The touching story behind the only TWO pieces of jewelry the Queen will wear as she's laid to rest
LONDON, UNITED KINGDOM: It is no secret that Queen Elizabeth II was adorned with countless precious jewels throughout her life. The Queen’s private jewellery collection is reported to hold around 300 pieces, including 98 brooches, 46 necklaces, 34 pairs of earrings and 15 rings. At her coronation, the Queen wore a crown glittering with jewels including the world's largest largest white diamond, The Koh-i-Noor Diamond, which was taken from from India.
However, the Queen is reportedly set to be buried with just a few simple sentimental pieces. Her wedding ring, made from Welsh gold and with diamonds taken from a tiara owned by Prince Philip's mother, Alice of Battenberg. There is speculation that it may go to her daughter Princess Anne as well. However, it has not been confirmed yet. In 1923, the Queen's wedding ring was passed to her after being given to her parents for their wedding. It was made from gold mined from the Clogau St David's mine.
Despite a vast array of choices, Lisa Levinson, head of communications at the Natural Diamond Council told Metro UK that the Queen would likely be buried with just her wedding ring and a pair of pearl earrings. Her jewelry was stored in the Queen's Gallery at Buckingham Palace when she did not wear them. Levinson claimed the Queen was “an incredibly humble woman” and noted it “is unlikely” that she will be draped in priceless jewels when she is laid to rest. The expert said that jewels not buried with Queen Elizabeth were likely to remain in the royal collection.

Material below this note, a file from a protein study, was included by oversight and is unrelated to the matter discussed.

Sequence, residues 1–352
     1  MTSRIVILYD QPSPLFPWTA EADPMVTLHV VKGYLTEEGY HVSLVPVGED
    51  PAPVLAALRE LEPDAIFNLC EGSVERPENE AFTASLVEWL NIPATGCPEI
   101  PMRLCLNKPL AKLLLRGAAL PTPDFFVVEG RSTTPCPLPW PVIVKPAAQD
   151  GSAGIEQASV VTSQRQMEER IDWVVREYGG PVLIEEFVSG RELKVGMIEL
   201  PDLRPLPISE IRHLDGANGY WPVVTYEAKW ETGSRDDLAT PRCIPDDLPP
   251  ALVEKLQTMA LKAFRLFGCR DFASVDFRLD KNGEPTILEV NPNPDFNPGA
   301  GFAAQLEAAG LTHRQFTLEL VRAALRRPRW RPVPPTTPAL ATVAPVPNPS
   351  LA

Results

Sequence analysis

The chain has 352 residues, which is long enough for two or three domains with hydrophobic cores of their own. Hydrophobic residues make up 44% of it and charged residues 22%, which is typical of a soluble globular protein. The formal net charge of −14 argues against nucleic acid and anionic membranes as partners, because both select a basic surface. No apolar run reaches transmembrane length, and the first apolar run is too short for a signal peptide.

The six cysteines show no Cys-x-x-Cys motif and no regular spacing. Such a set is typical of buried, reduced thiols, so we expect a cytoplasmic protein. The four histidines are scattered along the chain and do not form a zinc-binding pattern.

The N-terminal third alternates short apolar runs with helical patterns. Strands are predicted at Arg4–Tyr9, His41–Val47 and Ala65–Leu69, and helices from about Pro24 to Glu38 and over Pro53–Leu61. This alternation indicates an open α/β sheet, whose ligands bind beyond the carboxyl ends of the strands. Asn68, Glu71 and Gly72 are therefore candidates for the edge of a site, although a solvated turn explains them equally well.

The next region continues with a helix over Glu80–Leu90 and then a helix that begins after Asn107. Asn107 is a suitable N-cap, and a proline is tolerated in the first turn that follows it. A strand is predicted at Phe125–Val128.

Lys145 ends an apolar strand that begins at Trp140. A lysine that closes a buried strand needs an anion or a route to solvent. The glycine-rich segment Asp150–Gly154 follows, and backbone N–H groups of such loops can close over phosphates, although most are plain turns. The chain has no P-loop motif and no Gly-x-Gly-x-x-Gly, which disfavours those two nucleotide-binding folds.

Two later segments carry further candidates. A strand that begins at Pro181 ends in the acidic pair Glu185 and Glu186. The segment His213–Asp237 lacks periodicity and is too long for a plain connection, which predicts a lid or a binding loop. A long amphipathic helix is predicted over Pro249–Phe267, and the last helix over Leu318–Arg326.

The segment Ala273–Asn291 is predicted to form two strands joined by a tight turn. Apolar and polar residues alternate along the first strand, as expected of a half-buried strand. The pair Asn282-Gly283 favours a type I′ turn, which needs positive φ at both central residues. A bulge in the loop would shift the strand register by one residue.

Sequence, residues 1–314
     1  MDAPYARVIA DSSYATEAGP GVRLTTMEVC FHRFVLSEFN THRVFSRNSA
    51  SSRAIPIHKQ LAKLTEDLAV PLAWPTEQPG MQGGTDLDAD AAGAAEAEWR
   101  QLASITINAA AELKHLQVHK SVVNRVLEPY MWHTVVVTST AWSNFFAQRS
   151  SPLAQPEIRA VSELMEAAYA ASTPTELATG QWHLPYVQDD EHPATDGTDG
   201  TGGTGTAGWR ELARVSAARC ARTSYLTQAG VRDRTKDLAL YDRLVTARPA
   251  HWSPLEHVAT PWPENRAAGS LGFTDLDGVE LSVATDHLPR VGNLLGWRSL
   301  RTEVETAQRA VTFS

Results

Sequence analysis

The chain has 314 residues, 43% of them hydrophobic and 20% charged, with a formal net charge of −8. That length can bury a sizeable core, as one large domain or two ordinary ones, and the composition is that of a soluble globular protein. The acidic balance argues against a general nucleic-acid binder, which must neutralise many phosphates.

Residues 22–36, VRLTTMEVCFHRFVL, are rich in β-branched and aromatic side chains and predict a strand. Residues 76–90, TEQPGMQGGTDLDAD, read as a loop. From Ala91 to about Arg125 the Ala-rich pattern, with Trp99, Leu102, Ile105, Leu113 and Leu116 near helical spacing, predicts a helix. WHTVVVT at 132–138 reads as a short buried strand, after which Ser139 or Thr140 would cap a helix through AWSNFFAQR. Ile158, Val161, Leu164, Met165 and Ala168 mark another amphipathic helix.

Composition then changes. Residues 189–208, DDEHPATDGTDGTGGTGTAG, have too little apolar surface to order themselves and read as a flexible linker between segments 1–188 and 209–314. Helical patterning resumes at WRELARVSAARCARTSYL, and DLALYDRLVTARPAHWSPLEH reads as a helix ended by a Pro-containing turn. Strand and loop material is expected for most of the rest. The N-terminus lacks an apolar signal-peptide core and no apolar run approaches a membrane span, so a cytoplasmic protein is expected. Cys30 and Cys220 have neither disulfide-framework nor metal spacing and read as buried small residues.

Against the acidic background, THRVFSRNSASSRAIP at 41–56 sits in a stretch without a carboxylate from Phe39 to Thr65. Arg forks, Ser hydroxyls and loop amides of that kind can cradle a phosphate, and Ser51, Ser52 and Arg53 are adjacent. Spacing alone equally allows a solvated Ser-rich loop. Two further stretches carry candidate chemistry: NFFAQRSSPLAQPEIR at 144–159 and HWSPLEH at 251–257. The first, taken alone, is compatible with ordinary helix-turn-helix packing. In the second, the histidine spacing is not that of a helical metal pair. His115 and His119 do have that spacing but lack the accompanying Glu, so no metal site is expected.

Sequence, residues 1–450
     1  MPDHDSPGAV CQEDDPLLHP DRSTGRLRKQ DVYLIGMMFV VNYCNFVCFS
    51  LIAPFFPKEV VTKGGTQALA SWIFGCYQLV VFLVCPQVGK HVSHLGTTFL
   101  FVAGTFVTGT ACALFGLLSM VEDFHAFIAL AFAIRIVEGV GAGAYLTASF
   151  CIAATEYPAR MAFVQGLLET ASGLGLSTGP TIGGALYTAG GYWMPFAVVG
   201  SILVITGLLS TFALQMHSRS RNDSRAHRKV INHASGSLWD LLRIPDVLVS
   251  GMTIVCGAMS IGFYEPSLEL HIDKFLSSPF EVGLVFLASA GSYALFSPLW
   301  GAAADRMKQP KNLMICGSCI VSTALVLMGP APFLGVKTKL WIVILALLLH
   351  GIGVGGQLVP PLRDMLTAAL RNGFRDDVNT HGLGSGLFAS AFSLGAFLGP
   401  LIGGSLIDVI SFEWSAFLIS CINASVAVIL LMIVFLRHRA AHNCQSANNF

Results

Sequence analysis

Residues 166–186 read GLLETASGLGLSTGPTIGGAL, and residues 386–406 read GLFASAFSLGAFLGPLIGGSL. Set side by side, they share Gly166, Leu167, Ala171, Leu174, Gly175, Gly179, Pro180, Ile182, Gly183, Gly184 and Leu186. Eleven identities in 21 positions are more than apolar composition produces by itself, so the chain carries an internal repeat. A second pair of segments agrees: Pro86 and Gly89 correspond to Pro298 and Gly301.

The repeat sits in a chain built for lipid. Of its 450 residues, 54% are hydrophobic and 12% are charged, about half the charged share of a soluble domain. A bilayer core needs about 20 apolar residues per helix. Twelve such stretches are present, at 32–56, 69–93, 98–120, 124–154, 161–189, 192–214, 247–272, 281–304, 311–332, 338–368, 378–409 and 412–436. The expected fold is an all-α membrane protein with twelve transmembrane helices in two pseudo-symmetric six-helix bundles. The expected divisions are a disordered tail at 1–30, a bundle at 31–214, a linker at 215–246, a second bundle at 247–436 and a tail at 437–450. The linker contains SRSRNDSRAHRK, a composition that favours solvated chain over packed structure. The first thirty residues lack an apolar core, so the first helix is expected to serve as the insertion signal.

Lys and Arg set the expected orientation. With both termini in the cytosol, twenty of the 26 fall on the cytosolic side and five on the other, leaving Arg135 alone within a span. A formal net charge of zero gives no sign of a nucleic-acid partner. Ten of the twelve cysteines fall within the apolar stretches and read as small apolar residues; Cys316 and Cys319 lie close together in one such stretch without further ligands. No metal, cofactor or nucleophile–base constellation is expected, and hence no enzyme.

The official Crown Jewels are held in the Tower of London. Dating back to the 17th-century, the collection includes more than 23,000 diamonds, sapphires and rubies. Along with the Queen, Princess Margaret, Princess Anne and Princess Diana owned wedding rings of Welsh gold. The only other piece of jewellery the Queen is expected to be buried with are her signature pearl earrings. Wearing pearls is a royal tradition dating back thousands of years, according to 'The Queen’s Jewels' author Leslie Field.
The Queen's state funeral will take place in Westminster Abbey on Monday, September 19, after she lies-in-state in her oak coffin for four days at Westminster Hall. Her coffin arrived in Buckingham on September 13. Scores of people, braving rain and bad weather, reportedly applauded and cried as the Queen's coffin arrived.
When the Queen lies-in-state, her coffin will be draped with the Royal Standard, as it was in Edinburgh. The standard will be accompanied by the Imperial State Crown, which was worn once a year by the Queen at the State Opening of Parliament. It has nearly 3,000 precious stones, including sapphires, emeralds and rubies. The crown was made for Queen Victoria in 1838. It contains more than 3,000 precious stones, including 2,700 diamonds.